This was the final season the majority of MLB teams wore wool flannel uniforms. The Pirates and Cardinals wore double knit uniforms of nylon and rayon throughout 1971, and the Orioles gradually phased out flannels, going all-double knit in time for the ALCS. By 1973, flannel uniforms completely disappeared from the MLB scene.
Three of the four division races were anticlimactic; the only race was in the N.L. West between old rivals Los Angeles Dodgers and San Francisco Giants. The Giants led by 8.5 games on September 1 but the Dodgers chipped away. In mid September, the Dodgers won 8 in a row, including 5 over the Giants to narrow the gap to one game. But they could get no closer; ultimately both teams won on the final day of the season and the Giants won the division by 1 game.
February 9 – Former Negro Leagues pitcher Satchel Paige is nominated for the Hall of Fame. On June 10, the Hall's new Veterans Committee will formally select Paige for induction.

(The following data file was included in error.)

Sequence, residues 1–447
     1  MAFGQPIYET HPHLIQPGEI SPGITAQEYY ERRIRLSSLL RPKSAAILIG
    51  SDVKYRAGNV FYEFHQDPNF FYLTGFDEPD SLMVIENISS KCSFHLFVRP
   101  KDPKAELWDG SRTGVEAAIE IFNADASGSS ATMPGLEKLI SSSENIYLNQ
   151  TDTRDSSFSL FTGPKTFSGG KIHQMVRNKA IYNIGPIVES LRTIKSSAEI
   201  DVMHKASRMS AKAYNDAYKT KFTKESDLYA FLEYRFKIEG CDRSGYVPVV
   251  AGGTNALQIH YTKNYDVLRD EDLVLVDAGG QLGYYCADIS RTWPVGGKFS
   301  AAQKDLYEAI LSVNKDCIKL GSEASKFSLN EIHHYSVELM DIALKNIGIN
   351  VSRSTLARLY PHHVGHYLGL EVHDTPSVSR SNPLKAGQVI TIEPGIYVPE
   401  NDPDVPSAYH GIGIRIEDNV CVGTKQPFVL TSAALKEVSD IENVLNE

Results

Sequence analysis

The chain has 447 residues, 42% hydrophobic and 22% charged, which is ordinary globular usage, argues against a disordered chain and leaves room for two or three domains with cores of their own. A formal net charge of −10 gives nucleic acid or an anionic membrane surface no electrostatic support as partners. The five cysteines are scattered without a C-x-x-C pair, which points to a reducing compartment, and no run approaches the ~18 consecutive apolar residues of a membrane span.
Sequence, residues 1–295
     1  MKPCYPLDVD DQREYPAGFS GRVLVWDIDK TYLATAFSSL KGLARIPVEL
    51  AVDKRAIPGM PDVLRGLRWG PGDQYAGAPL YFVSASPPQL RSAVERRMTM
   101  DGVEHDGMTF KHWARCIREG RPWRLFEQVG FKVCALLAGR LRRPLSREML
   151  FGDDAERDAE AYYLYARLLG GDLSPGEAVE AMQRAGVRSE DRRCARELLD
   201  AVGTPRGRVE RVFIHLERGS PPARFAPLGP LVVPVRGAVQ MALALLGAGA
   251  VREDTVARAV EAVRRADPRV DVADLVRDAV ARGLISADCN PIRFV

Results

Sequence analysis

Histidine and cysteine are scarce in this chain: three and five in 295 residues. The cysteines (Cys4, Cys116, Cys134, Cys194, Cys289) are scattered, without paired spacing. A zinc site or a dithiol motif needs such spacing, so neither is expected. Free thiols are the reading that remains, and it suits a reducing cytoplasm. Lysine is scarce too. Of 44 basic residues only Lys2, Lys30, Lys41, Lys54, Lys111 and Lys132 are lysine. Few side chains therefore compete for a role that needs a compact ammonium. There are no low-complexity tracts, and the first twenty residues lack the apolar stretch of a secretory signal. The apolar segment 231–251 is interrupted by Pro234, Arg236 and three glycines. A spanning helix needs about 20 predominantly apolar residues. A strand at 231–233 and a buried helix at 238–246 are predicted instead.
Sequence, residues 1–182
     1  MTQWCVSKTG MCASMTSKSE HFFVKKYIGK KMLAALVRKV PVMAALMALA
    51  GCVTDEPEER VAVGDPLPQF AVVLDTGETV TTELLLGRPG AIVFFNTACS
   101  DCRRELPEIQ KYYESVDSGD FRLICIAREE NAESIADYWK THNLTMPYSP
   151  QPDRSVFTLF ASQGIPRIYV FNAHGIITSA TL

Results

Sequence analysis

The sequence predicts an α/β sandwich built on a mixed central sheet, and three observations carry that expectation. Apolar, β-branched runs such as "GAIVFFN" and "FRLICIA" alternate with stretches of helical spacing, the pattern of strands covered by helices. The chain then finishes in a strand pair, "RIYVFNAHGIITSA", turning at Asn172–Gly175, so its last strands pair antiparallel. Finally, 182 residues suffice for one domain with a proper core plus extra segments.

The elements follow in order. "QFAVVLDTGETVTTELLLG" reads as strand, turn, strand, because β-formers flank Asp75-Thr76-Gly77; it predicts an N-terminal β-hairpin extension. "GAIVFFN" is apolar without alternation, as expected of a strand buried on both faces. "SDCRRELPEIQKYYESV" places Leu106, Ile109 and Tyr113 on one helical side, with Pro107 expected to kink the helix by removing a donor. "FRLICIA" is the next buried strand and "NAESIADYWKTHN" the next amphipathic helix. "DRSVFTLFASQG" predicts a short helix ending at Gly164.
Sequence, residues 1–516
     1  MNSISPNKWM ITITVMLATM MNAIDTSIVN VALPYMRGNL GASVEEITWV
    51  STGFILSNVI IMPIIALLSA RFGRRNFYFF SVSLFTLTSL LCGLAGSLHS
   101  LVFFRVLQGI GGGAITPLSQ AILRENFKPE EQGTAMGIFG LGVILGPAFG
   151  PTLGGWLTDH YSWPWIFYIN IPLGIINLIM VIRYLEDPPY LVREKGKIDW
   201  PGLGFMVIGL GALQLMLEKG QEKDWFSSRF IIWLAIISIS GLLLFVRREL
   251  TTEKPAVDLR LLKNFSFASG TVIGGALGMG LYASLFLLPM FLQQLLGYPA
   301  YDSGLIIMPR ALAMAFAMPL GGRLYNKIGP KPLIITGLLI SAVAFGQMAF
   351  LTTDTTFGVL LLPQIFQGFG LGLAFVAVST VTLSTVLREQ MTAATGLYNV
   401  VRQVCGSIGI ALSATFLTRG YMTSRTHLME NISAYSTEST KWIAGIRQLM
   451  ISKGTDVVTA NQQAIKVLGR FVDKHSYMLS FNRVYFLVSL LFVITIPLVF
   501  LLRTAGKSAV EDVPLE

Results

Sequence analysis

April 6 – Bill White, a former NL first baseman, became the first African-American to do play-by-play as part of a regular broadcast crew of a team, when the New York Yankees opened the season with a game in Boston.
July 7 – Commissioner Kuhn announces that players from the Negro Leagues elected to the Hall of Fame will be given full membership in the museum. It had been previously announced that they would be honored in a separate wing.
August 28 – Phillies pitcher Rick Wise hits two home runs, including a grand slam off Don McMahon, in the second game of a doubleheader, duplicating his feat in his June no-hitter. Wise beats the Giants 7–3.
September 30 – The Washington Senators' lead 7–5 in their last home game, but forfeit the game to the New York Yankees, when, with two outs in the top of the ninth, fans storm the field. The Senators moved to Dallas, Texas, and became the Texas Rangers for the 1972 season, leaving the Nation's Capital without an MLB team until 2005.
November 2 – The Orioles' Pat Dobson pitches a no-hitter against the Yomiuri Giants, winning 2–0. It is the first no-hitter in Japanese-American baseball exhibition history. The Orioles compile a record of 12–2–4 on the tour.